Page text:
An increasingly vocal group of parents and teachers are calling on Arlington Public Schools to scrap plans to have most students return to classrooms twice per week.
The current APS “hybrid” plan calls for two cohorts of students each going into school two days per week, while wearing masks and practicing physical distancing. It also allows parents and students to opt for online-only learning.
The Fairfax County, Virginia, Fraternal Order of Police is calling for the resignation of police Chief Ed Roessler over his handling of an incident involving a white police officer who is accused of using a stun gun last month on a Black man who appeared disoriented and noncombative.
Officer Tyler Timberlake is facing three counts of assault and battery for stunning the man, who was rambling and pacing in the street on June 5. Timberlake and other officers on the scene were relieved of duty pending the investigation.
Loudoun County supervisors have begun to stake their ground in the debate over whether to creates a police department to take over law enforcement duties from the sheriff.
All three of the board’s Republicans have already expressed some measure of opposition, citing the unknown costs of the change and criticizing what they say is a rushed process.
The Prince William Education Association [PWEA] sent a letter to the Prince William School Division and the Prince William County School Board, Friday, requesting the year open with a 100% virtual option to protect students and educators.
“The PWEA calls that once we have prepared our students and workforce for effective and equitable virtual learning at the start of the year, we should proceed to a 100% virtual platform to protect students, educators and families from the incredibly serious risks of COVID-19,” said the letter signed PWEA Board of Directors
Richmond’s new police chief on Monday immediately quashed the idea of defunding his department — one of the loudest rallying cries that has emerged from the city’s recent civil unrest — but voiced support for other popular reforms.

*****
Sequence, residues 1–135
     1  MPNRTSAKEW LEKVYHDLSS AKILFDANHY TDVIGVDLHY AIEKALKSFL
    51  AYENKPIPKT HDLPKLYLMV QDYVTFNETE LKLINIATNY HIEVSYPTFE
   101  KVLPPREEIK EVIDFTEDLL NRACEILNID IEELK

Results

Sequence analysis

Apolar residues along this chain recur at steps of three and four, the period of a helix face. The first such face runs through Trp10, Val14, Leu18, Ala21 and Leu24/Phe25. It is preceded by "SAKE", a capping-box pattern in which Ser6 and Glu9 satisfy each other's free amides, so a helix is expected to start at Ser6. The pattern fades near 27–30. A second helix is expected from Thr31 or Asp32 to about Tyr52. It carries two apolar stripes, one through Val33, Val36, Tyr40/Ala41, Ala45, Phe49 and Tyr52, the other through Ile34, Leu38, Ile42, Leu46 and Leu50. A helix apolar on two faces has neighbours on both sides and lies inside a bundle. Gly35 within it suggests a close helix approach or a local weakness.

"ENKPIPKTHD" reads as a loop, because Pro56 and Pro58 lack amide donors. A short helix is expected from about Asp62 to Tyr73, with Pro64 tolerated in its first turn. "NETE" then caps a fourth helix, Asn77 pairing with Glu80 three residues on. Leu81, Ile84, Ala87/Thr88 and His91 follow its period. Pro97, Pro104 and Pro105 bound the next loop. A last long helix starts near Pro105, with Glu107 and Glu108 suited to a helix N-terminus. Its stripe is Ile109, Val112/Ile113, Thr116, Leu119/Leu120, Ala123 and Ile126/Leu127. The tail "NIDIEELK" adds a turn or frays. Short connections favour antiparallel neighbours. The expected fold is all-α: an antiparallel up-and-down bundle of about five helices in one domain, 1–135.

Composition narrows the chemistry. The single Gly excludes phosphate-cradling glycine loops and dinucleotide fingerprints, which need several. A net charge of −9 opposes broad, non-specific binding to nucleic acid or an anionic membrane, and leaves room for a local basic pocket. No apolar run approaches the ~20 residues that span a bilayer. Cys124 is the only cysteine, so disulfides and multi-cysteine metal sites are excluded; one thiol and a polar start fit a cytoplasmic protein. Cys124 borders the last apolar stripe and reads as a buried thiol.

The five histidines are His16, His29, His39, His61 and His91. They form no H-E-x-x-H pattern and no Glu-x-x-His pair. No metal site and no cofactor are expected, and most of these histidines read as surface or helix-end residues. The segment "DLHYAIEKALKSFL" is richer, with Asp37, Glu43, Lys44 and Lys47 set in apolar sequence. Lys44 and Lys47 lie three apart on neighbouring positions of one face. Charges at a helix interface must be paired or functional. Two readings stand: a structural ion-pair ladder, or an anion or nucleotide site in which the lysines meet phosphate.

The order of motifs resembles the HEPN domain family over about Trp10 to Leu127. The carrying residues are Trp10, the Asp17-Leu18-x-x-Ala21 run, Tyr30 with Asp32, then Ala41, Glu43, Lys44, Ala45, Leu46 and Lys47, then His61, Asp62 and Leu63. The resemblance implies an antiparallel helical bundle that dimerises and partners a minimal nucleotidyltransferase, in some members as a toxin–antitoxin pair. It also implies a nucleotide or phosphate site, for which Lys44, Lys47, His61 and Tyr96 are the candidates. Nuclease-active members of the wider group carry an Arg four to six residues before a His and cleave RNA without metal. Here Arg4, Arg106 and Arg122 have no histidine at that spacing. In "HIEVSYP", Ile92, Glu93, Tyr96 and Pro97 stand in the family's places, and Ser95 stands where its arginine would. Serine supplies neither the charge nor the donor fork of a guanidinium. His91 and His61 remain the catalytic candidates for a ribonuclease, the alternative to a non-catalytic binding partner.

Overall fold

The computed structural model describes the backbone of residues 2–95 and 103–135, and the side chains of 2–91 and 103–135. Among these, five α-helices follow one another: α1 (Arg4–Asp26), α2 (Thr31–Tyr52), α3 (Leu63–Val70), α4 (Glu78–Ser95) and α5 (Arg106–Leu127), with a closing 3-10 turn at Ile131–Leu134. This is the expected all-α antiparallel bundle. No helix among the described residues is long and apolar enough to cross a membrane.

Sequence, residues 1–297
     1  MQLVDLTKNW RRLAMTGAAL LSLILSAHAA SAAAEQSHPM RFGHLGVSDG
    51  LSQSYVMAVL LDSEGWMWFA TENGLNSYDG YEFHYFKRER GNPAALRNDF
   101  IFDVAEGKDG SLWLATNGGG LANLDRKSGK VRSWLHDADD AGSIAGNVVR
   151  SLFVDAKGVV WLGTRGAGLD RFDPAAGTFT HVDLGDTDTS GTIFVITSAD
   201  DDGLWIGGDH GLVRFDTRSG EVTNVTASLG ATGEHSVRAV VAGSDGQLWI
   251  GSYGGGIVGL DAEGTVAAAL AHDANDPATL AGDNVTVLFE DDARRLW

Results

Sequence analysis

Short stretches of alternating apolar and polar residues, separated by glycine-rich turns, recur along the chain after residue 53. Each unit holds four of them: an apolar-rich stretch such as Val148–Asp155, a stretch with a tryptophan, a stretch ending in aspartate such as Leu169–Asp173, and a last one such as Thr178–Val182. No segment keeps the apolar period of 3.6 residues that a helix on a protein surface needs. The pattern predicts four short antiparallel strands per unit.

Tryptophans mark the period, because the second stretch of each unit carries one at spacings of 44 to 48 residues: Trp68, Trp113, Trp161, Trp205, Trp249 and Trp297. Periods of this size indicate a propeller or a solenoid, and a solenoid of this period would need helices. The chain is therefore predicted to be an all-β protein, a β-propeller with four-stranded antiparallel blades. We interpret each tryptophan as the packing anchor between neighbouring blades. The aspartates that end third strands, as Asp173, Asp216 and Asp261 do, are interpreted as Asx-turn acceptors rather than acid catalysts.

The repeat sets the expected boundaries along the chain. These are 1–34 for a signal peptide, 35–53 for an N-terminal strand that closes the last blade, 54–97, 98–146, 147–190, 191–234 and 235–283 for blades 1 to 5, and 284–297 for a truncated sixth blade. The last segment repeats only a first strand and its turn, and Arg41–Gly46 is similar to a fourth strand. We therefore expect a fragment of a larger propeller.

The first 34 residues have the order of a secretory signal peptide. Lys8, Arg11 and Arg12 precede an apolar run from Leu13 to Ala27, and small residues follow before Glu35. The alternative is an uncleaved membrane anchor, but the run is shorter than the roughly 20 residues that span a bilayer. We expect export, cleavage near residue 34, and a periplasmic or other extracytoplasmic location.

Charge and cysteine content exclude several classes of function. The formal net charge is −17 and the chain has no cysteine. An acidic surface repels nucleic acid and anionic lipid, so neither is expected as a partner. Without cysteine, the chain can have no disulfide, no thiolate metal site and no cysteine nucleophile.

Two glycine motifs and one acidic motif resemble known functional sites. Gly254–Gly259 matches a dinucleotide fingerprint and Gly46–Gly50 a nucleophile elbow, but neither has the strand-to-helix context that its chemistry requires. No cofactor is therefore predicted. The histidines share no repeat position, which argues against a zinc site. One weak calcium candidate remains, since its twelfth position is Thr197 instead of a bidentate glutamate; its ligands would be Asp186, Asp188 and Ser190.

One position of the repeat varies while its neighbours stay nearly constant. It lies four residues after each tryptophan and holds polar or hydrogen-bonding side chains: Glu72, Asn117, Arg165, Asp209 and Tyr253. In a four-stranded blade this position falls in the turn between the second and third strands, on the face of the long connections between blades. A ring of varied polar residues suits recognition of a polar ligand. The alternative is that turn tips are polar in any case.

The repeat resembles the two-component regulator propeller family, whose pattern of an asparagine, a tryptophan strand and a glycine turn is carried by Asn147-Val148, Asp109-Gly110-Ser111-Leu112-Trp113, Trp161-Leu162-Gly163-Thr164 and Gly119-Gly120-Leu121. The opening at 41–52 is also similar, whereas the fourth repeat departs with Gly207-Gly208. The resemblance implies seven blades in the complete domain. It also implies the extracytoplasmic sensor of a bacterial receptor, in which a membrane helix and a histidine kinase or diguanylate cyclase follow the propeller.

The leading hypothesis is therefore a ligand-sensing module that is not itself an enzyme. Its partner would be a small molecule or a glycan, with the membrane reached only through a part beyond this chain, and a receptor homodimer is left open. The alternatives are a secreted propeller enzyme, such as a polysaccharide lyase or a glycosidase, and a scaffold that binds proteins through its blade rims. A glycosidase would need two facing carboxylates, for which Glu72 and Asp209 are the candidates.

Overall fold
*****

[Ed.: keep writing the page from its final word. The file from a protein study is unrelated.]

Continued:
Police Chief Gerald Smith said his department needs more money, not less, to achieve the kind of change he believes people are calling for.
The City of Richmond launched a rent and mortgage assistance program on Monday, that will offer relief to immigrant households that have been financially impacted by the COVID-19 pandemic. The program aims to support city residents who may not be eligible for federal assistance as a result of their non-citizen or mixed immigration status.
The $250,000 program is funded through Open Society Foundations, a New York-based nonprofit that focuses on “justice, democratic governance, and human rights.”
Sheriff’s deputies have taken over round-the-clock security at the Norfolk courthouse after a Virginian-Pilot investigation exposed failures that plagued private security guards for years.
City Manager Chip Filer is recommending the city spend $200,000 to hire four new sheriff’s deputies who would guard the courthouse on nights, weekends and holidays.
An unlikely coalition of Norfolk School Board members banded together Monday to replace the chair and vice chair who led the board during two tumultuous years of bickering and infighting.
Saying she’d lost confidence in Noelle Gabriel’s ability to bring the board together, Adale Martin nominated herself for the job as chairwoman and was backed by three members who’ve been critical of Gabriel’s leadership nearly from the start two years ago.
Portsmouth has closed City Hall for cleaning and delayed a council meeting after an employee tested positive for the coronavirus.
The city announced Sunday night that City Hall is closed through Wednesday while crews disinfect the building. Spokeswoman Dana Woodson said it was closed because of the employee’s diagnosis.
Albemarle County says it is no longer obligated to respond to public records requests within a given timeline.
The Board of Supervisors “extended indefinitely” the state-mandated deadlines for responding to Freedom of Information Act requests in response to the COVID-19 pandemic.
The move is alarming to watchdog groups that advocate for open government.
The initiator of a growing change.org petition (http://chng.it/YLCfHDHj) seeking removal of the Confederate battle flag from Culpeper County’s Lenn Park said having to look at the Civil War banner makes her feel sick.
“Do you ever see something that doesn’t sit right with your soul?” asked Culpeper County native Amy Hunter, an African-American wife and mother, in a recent message to the Star-Exponent. “Well, when I see this flag, knowing all it represents, I get a feeling in the pit of my stomach. This flag represents hate—there is no other way around it.”
Franklin County students will likely start the school year with students third grade and older in a virtual classroom, and pre-K through second grade students and certain students who utilize special education services in person daily.
Many citizens who didn’t take part in the July 3 protests in Marion but observed the massive law enforcement response wondered how much it cost taxpayers.
At this point, town officials don’t know.
Last week, Marion Town Manager Bill Rush said, “We are just now beginning to put together that cost analysis. To be sure, it will be several thousand dollars.”